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Implications of introducing case based radiological images in anatomy on teaching, learning and assessment of medical students: a mixed-methods study



Introducing radiological anatomy in the preclinical curriculum can increase the understanding of AnatomyRegardless of the integration when teaching anatomy, it is essential to maintain oversight as to what and how much is being taught. In addition, the knowledge requirements for preclinical students should be considered. The purpose of this kind of integration is that the student should be able to apply the knowledge which can help them better understand anatomy and not to make the course more challenging. This study aimed to understand whether adding radiological images would increase the difficulty level of the questions.


We introduced radiological images, including X Rays, CT scans and MRIs, when teaching anatomy in the preclinical curriculum. A class of 99 students were tested using A-type MCQs (n = 84). All 84 questions were categorized on whether they were case-based with or without a radiological image. The item analysis of both groups of test questions was then compared based on their difficulty and discrimination index. A qualitative student perception regarding the inclusion of radiological images in anatomy was also measured using a questionnaire with a 5-point Likert scale.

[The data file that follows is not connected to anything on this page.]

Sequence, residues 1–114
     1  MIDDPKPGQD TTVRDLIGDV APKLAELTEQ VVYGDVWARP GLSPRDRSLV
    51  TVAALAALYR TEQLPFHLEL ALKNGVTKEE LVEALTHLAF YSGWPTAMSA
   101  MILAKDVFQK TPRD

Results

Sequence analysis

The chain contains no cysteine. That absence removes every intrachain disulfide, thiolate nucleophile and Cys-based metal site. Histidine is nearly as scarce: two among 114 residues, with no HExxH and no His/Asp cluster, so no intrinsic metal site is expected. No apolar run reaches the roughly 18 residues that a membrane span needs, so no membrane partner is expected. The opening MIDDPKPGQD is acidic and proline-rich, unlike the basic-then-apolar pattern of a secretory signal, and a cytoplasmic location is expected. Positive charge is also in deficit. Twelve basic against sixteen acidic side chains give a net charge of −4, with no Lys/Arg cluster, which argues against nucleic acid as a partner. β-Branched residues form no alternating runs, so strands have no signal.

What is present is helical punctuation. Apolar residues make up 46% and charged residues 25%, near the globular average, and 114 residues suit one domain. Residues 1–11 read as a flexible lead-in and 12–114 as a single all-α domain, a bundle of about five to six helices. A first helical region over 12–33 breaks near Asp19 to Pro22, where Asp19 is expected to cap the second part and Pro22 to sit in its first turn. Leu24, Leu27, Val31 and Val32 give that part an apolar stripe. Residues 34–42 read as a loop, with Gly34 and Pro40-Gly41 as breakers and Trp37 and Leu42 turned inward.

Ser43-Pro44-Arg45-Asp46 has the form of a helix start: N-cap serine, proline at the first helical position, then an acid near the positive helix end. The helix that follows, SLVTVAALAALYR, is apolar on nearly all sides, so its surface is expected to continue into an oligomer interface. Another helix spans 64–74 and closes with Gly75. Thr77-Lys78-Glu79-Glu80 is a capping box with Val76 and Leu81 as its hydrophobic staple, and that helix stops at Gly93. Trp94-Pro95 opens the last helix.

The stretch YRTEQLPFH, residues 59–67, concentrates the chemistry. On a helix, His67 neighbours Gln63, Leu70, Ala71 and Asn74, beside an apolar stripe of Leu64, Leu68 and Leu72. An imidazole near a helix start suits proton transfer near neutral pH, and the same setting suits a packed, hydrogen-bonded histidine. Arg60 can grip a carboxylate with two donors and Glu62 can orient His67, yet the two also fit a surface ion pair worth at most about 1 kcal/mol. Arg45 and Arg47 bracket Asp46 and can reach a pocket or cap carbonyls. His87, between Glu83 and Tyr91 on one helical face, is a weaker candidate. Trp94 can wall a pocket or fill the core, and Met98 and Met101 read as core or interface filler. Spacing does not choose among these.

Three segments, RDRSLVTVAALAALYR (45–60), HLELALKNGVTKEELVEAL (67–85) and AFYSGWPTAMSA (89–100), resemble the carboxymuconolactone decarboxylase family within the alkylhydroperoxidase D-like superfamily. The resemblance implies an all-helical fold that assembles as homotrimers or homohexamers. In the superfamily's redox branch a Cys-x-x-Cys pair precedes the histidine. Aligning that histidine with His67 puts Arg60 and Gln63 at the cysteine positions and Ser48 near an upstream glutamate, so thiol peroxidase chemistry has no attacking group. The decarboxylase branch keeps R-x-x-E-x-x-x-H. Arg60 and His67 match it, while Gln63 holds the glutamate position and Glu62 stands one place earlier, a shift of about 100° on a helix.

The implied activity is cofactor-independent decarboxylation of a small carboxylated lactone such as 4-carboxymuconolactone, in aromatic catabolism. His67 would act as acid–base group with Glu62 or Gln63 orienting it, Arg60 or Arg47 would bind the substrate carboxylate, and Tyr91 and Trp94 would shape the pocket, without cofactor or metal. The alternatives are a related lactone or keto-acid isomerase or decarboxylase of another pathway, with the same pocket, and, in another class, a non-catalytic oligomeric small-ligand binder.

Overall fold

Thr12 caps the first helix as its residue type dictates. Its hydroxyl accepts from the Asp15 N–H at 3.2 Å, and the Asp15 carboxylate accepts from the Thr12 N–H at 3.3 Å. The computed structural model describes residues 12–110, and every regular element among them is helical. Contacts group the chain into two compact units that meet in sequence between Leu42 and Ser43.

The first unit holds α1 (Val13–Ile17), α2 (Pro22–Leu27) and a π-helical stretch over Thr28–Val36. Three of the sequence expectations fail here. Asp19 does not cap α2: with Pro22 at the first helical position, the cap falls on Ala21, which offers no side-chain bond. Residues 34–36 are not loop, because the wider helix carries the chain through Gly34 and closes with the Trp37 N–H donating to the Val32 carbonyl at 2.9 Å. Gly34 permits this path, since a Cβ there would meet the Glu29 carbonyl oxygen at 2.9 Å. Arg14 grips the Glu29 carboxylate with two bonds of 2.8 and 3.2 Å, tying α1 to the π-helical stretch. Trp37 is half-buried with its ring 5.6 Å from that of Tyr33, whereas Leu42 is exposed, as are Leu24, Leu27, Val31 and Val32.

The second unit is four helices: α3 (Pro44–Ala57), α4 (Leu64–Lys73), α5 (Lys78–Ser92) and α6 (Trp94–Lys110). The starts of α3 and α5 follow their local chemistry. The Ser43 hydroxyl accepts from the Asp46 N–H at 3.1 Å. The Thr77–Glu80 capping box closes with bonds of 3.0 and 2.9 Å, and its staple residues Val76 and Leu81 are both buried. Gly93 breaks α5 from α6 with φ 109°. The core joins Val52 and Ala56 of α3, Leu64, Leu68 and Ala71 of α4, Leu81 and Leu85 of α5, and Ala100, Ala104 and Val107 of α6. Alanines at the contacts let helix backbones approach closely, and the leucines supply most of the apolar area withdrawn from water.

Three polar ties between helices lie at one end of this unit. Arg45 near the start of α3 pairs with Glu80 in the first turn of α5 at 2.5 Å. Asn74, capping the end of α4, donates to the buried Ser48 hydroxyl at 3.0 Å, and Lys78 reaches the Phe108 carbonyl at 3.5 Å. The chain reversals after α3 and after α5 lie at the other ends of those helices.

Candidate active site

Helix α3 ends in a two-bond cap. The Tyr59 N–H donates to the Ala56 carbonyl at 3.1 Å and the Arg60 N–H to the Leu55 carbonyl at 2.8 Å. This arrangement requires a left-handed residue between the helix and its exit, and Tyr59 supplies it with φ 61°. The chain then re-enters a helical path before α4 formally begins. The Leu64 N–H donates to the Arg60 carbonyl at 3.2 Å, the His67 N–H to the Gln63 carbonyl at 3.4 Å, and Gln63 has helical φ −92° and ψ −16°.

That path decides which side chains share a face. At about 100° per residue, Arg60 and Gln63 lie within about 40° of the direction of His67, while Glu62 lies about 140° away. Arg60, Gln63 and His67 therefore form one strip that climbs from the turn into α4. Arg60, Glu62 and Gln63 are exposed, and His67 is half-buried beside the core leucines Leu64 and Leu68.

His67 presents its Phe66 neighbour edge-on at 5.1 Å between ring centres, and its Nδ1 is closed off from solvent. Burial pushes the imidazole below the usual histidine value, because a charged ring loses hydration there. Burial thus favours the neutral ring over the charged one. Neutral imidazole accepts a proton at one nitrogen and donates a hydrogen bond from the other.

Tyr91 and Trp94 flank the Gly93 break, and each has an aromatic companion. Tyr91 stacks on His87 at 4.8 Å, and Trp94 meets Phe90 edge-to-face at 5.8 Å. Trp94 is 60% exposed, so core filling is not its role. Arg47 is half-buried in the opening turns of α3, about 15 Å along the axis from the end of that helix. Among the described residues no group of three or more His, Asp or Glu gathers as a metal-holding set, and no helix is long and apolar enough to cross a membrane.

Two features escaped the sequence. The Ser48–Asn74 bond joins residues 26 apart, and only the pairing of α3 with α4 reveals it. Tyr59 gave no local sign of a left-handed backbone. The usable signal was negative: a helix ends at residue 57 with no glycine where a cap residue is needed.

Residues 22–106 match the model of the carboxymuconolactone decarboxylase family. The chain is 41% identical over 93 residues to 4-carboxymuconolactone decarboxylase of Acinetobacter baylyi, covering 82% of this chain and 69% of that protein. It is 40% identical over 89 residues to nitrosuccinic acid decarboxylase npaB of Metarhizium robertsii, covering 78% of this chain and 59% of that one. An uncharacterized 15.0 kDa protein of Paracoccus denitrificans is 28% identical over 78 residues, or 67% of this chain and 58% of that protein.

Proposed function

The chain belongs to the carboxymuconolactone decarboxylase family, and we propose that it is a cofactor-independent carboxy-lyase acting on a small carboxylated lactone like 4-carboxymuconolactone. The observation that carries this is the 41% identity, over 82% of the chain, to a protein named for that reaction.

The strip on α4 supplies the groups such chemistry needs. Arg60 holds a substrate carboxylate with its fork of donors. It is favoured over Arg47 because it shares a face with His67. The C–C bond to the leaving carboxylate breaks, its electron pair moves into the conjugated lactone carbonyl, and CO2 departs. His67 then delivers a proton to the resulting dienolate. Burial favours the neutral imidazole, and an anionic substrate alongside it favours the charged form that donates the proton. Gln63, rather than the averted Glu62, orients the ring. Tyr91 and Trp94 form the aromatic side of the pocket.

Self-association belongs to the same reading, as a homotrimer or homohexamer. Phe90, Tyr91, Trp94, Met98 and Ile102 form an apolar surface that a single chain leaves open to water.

The results showed that the performance level of the students was similar when comparing the test questions in both groups. The item analysis of the MCQs in the two groups revealed that by integrating radiological images when teaching anatomy, the various parameters in both groups of test questions were in the same range. More than 80% of the students felt that radiological images facilitate the achievement of learning outcomes and help to apply their knowledge in clinical contexts. The study's findings reported that the rate of satisfaction by including radiological images when teaching anatomy is high.


Recognition and interpretation of images are essential in an undergraduate medical program. Students found it helpful when radiological images were introduced to them when teaching anatomy. Since the students' performance in summative exams in both groups of questions was in the same range, the findings also point out that adding radiological images when teaching anatomy does not increase the difficulty of the subject.

Peer Review reports